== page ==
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Ontario Premier Kathleen Wynne drives a tractor with instruction from farmer Sandra Vos, right, at a campaign event in Paris, Ontario on Tuesday May 20, 2014, 2014.

Frank Gunn/THE CANADIAN PRESS

Kathleen Wynne helmed a tractor and Tim Hudak tightened the bolts on a manure spreader on Tuesday, as the Liberals and Progressive Conservatives strengthened their bid to sway rural voters in the June 12 provincial election.

The top parties entered the final stretch of the campaign battling over the rural vote and preparing to release a barrage of election advertising.

Liberal Leader Kathleen Wynne visited a beef farm in Paris, Ont., where she highlighted a plan from the party's proposed budget for a 10-year, $40-million-a-year fund to support farmers and the food-processing industry. She also highlighted the Farms Forever program, designed to protect farmland in the province.

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"It is absolutely important to the future of this province that we have a strong agriculture and food industry," she told reporters after driving a tractor down the farm lane. "Yes, this is about campaigning, but it is more importantly about the future of the province."

PC Leader Tim Hudak countered by accusing the Liberals of creating a "rural-urban divide" and not paying enough attention to the agricultural industry.

During a visit to Veldale Farms in Woodstock, Ont., Mr. Hudak re-emphasized his plan to reduce government regulations in the province – a focus of his campaign on Monday as well – asserting that this would help farmers to run their businesses.

He also said that rural municipalities should get a higher share of gas-tax revenues to go toward infrastructure investment.

"Every community will get its fair share of gas-tax revenue," Mr. Hudak said.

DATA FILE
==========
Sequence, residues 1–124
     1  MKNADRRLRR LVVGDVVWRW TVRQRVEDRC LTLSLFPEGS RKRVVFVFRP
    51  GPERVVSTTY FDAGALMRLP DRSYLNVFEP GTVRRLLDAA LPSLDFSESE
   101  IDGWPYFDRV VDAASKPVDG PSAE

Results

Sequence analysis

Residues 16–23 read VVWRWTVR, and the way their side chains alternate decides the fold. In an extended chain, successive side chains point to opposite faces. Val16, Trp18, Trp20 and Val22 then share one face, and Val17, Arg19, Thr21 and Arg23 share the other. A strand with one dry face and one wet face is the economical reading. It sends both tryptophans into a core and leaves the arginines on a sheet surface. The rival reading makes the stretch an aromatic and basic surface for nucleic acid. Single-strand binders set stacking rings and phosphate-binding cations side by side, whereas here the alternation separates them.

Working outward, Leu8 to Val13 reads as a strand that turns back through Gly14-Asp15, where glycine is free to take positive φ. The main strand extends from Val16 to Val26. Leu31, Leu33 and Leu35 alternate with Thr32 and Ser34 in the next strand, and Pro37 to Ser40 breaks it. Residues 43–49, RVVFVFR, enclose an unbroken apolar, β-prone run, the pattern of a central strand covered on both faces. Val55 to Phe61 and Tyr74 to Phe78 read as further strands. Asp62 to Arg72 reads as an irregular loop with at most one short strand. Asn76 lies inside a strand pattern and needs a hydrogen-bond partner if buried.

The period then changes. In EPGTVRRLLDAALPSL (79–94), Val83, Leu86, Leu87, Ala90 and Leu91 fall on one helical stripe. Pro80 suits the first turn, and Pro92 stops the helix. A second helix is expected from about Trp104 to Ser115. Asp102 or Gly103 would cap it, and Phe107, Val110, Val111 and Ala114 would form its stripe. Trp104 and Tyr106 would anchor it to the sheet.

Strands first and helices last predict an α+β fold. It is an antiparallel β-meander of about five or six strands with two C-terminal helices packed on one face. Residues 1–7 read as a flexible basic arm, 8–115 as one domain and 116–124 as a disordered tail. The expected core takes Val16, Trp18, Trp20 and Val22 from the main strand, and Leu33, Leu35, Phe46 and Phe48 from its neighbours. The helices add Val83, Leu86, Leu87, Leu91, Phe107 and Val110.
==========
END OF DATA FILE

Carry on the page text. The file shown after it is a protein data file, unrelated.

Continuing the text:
He repeated a pledge to scale back wind and solar power projects as well, redirecting those investments to lowering hydro bills. The PC camp says its plan will save the average family $384 per year in hydro expenses and that cheaper energy will attract more business and jobs to the province.

To drive the point home, Mr. Hudak also visited Nuhn Industries in Sebringville, Ont., whose founder Dennis Nuhn supports the PC platform.

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"Now I'm going to finish off this before she rolls off and hits the road for Iowa," Mr. Hudak said before kneeling down to tighten bolts on a wheel of one of the liquid manure spreaders that Nuhn Industries manufactures.

"One of these is going to Wisconsin, another is going to Iowa, and two more coming down the pipe to head to Russia," Mr. Hudak said. "It makes me proud … to see this kind of homegrown machinery winning contracts in some of the biggest agricultural jurisdictions in the world."

All three parties, meanwhile, prepared to launch a spate of advertising on Wednesday, when an embargo on election ads is lifted.

Until now, the NDP, Liberals and Progressive Conservatives have been permitted to release ads online, but only on their own channels – such as their websites or YouTube channels – and not through paid media such as TV commercial time or preroll advertising that plays before videos online.

Beginning at midnight on Wednesday, the Liberal ads feature Ms. Wynne boasting of the party's plans to create jobs and start a provincial pension plan. She then takes aim at the Tories, saying their plan to cut 100,000 jobs will affect education and health care.

The Liberals also have 35 radio spots narrated by Ms. Wynne with targeted messaging for different areas of the province.

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The NDP's first ad focuses an attack on the Liberals, with a rolling tally of money the Liberal government spent on such political gaffes at the eHealth, Ornge and gas-plants scandals.

The PCs' first ads focused on a message of "hope" and addressing unemployment.

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